There’s nothing like competition to drive innovation. May the best system win. And may everyone license the best.
From the CNN piece:
Mercedes’ Drive Pilot system is designed to work on highways in dense traffic at speeds of less than 40 miles per hour.
That’s what I would call a bad joke, not competition.
When the system is in operation, Mercedes considers it safe for the driver not to pay attention to the road
When my Tesla is on Autopilot at under 40 mph on the highway, I also consider it safe to not pay attention to the road, the legal CYA of the steering wheel nag nothwithstanding.
The real innovation here is whatever liability management they figured out to feel comfortable giving the driver permission to look away.
I don’t have a dog in this fight, but as I understand it Mercedes is offering Level 3 autonomy up to 40 mph and only in Nevada (can self-drive, human intervention required in some cases). Tesla currently only offers Level 2 autonomy (requires human monitoring). So it could be that Mercedes read the regulations more closely than Tesla and found a sympathetic jurisdiction. Or it could be that Mercedes has a better performing product.
“Offering” in the sense of what the company has determined they will stand behind in a court of law is perhaps not the most useful barometer of what a company is capable of technically. The standard Autopilot for years has been functionally Level 3 at low speed on highways (capable of “traffic jam chauffeur”), and the new FSD Beta is solidly Level 3, where under most conditions and most road configurations the car does not require any input, but the driver must be ready to take over.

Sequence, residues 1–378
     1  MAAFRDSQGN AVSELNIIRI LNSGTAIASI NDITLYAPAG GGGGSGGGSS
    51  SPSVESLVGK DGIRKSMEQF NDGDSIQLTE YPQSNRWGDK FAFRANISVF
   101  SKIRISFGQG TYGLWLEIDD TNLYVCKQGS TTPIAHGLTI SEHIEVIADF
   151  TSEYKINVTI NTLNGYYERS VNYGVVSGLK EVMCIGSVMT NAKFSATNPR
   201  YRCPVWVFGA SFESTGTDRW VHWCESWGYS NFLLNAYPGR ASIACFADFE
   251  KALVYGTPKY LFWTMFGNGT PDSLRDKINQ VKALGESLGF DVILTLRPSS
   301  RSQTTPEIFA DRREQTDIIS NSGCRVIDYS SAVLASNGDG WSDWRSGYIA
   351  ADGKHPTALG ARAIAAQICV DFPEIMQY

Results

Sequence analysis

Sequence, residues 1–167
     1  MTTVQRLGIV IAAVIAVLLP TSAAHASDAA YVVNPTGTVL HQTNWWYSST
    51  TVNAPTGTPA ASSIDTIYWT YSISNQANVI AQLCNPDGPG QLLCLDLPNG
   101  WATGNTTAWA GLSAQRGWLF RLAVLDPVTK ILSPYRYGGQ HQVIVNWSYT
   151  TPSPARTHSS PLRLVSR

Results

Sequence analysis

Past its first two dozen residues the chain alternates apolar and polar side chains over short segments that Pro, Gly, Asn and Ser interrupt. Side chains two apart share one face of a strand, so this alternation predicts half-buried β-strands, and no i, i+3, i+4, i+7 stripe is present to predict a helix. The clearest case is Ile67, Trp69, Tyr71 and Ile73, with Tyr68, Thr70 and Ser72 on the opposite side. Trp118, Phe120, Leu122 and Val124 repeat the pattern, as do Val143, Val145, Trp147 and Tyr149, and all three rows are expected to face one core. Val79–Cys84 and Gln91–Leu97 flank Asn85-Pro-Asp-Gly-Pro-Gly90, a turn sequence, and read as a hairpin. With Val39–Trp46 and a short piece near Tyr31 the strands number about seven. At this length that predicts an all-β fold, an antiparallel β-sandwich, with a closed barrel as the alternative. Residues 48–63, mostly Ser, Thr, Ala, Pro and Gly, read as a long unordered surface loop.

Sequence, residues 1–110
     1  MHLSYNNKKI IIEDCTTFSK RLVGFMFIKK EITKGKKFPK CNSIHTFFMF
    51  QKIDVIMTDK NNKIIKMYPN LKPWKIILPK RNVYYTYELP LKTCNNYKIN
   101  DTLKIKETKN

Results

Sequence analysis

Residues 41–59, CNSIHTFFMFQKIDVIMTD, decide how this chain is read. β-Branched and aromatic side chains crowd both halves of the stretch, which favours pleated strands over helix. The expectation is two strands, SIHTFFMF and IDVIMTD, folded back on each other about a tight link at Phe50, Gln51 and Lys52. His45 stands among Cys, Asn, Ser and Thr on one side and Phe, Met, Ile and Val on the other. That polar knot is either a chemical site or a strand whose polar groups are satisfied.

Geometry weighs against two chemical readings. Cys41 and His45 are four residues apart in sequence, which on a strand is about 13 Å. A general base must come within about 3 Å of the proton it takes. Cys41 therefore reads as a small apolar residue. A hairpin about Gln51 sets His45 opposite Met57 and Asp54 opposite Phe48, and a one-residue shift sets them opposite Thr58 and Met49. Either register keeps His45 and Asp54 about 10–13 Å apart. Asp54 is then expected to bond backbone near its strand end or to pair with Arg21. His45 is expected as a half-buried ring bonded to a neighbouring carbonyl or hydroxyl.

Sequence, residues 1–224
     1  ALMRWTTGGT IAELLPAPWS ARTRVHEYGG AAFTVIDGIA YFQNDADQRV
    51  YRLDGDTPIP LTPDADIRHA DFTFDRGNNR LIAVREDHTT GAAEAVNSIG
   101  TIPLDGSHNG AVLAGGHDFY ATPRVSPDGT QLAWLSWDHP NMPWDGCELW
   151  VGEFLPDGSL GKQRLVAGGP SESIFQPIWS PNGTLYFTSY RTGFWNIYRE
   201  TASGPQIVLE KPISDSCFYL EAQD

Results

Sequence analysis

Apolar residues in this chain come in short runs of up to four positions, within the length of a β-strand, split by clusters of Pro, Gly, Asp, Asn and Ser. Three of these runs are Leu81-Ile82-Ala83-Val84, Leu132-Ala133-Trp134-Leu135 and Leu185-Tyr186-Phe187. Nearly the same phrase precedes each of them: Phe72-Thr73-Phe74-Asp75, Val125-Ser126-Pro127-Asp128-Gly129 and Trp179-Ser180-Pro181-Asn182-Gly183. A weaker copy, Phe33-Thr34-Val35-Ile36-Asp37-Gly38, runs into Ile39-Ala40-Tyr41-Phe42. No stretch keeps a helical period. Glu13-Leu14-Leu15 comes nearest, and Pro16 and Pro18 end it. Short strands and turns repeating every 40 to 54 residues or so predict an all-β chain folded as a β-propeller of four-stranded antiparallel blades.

Mercedes just happens to be the first to say they’ll take on the legal risk of actually treating their Level 3 system like it’s Level 3.
Tesla has long had a system that performs at level 3 under the conditions that Mercedes places on their system (particular highways, up to 40mph, in traffic). But Tesla is not going to declare its system level 3 until it’s level 3 everywhere (or at least everywhere within some particular jurisdiction like a country), and under all conditions in which humans can drive.
This is just a PR stunt.
Of course, Tesla’s system is nowhere close to level 3 under many circumstances, but under the conditions Mercedes lists, the Tesla system is actually better than level 3 in that it occasionally avoids accidents that humans wouldn’t.
The former, Nevada has lax self driving regulation.
Another difference is that Tesla wants to test their system in multiple places, not just in permissive ones.